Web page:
“She’s awake, put her back to sleep!” muffles a man with a medical face mask on. Inmate Zhu slowly wakes up from what feels like an eternity of sleep. She hears a metallic clang from somewhere distant but not too distant from her. Her eyes, not adjusted from the amount of sleep, glances over to the source of the sound. Unable to make out the facial features of the individual, Zhu glances down at her body to see a foggy shade of red. Zhu doesn’t remember how she got from her prison cell to this bed. Her arms and legs refuse to listen to her commands to move, yet she feels something warm, dripping down her arms. “We need these to be fresh! Knock her out quickly!” Zhu hears the scuffling of feet from the right as her head jolt violently to the left as the room slowly invites her into a lull of black.
While China’s alleged claims of ownership on the South China Sea continue to dominate international news, one major issue that hasn’t been addressed recently is the organ harvesting of Falun Gong practitioners. Falun Gong was introduced to the general public in 1992. It is considered a mix between a disciple and religion which basis most of the practice off of slow-movement meditation exercises that focuses on truthful tenants of compassion and tolerance. Spurred by a popular growth in the early 90s, the Communist Party of China feared this huge growth spurt.
Article 36 of the Chinese Constitution states that, “Citizens of the People’s Republic of China enjoy freedom of religious belief. No state organ, public organization or individual may compel citizens to believe in, or not to believe in, any religion; nor may they discriminate against citizens who believe in, or do not believe in, any religion. The state protects normal religious activities. No one may make use of religion to engage in activities that disrupt public order, impair the health of citizens or interfere with the educational system of the state. Religious bodies and religious affairs are not subject to any foreign domination.” On its face, the Chinese constitution seems to promote the freedom of religion, yet the important caveat of “The state protects normal religious activities” allows for the convenient excuse to violate any religion the government deems to be a threat. Using this, the Falun Gong faith is not considered to be a normal religious activity and is an exception to the constitutional guarantees. The Chinese government stated that Falun Gong practitioners were “a menace to society – a superstitious, foreign-driven, tightly organized, dangerous group of meditators.” Hundreds of thousands, if not millions, of Falun Gong practitioners have been arrested and targeted ever since the crackdown. While China is known for its religious freedom violations against religious minorities, the abuse against Falun Gong practitioners are even more alarming.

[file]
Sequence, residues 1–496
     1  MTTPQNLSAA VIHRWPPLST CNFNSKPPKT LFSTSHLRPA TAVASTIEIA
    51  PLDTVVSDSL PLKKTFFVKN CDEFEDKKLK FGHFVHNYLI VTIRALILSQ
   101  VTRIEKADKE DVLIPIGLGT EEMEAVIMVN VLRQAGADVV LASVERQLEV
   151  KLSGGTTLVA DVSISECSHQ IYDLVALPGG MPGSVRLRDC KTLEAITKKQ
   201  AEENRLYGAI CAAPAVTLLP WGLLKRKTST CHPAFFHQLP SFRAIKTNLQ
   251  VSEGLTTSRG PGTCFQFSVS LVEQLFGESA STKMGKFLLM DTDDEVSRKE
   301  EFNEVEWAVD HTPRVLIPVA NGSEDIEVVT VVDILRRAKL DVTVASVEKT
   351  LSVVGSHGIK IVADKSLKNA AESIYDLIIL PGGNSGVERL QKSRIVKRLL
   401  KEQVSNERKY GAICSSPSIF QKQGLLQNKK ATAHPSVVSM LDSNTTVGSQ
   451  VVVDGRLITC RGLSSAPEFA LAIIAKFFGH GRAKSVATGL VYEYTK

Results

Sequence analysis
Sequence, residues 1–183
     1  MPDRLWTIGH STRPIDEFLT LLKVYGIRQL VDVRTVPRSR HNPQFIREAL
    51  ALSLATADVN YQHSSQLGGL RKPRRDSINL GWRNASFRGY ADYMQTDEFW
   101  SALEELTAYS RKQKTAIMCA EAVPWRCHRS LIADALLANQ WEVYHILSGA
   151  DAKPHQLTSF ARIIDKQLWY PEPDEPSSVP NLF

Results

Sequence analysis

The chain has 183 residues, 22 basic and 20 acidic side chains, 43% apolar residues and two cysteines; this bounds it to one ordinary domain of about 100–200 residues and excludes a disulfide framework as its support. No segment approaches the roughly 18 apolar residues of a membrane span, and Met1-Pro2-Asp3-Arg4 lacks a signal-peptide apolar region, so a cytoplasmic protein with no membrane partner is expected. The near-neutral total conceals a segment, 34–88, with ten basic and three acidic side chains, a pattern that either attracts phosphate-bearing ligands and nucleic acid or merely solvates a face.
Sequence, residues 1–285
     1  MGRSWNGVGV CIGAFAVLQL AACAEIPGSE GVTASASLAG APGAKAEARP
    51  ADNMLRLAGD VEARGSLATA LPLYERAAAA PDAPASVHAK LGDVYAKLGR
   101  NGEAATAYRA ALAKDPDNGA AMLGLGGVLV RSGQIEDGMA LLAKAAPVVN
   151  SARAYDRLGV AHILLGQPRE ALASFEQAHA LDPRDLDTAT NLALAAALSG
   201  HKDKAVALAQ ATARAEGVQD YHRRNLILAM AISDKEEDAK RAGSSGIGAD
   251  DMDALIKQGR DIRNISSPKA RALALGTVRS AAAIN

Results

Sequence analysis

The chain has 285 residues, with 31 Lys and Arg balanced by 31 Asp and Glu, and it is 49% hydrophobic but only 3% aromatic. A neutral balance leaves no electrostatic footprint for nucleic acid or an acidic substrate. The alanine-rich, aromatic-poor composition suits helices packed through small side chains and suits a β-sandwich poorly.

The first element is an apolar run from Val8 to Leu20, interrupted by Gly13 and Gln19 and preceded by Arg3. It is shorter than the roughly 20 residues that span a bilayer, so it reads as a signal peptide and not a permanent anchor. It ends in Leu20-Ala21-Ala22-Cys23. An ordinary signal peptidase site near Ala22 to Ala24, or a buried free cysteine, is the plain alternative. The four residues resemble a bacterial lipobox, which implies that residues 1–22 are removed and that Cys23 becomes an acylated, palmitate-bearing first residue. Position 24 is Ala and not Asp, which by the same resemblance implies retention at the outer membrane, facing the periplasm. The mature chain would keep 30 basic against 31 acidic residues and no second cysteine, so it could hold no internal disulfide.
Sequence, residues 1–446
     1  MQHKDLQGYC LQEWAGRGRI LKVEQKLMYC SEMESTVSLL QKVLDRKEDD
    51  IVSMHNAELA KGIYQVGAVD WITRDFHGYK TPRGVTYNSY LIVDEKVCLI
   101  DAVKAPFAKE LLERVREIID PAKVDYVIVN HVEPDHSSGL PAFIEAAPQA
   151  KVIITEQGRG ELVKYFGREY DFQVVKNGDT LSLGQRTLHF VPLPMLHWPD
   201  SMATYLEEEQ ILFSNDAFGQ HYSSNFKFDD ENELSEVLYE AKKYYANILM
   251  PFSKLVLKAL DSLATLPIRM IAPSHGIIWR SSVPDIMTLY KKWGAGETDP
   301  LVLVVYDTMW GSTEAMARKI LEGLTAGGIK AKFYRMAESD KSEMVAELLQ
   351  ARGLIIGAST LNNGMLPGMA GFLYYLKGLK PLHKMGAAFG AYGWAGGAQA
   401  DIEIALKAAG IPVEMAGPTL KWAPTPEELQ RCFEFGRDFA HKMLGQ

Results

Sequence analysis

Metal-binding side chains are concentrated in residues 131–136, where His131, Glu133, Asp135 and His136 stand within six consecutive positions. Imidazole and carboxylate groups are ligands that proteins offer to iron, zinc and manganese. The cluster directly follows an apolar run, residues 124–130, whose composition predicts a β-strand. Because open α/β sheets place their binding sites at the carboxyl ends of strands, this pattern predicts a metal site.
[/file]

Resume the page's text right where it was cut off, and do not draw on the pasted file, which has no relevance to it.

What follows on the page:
Many of these Falun Gong practitioners are thrown in prison and a few are executed solely because of their beliefs. Even though Chinese Christians and Uighur Muslims are subject to the same treatment, Falun Gong practitioners are systematically targeted during these executions. According to various reports, Falun Gong practitioners are executed on a higher percentage than other religious or political prisoners because of their faith. Falun Gong practitioners abstain from drinking alcohol or smoking and tend to live a healthy lifestyle where meditation and exercises are practiced on a daily basis. As a result, their organs are in high demand on a domestic and, even more so, on an international basis. The Chinese government reports a total number of 10,000 legal transplants on an annual basis, but various investigators claim that the estimate is actually between 60,000-100,000 annual organ transplants. These investigators also allege that the difference of 10,000 to 60,000 (on a low end) are made up primarily of Falun Gong practitioners.
In order to meet the great and expensive demand for fresh organs throughout the world, the Chinese government capitalizes on this industry with the organs from Falun Gong practitioners. As soon as the demand of an organ arises, these “political” prisoners have their organs harvested shortly thereafter. Some of the surgeons involved in these organ harvesting operations have even admitted to ripping the requested organs out while the individual was still conscious.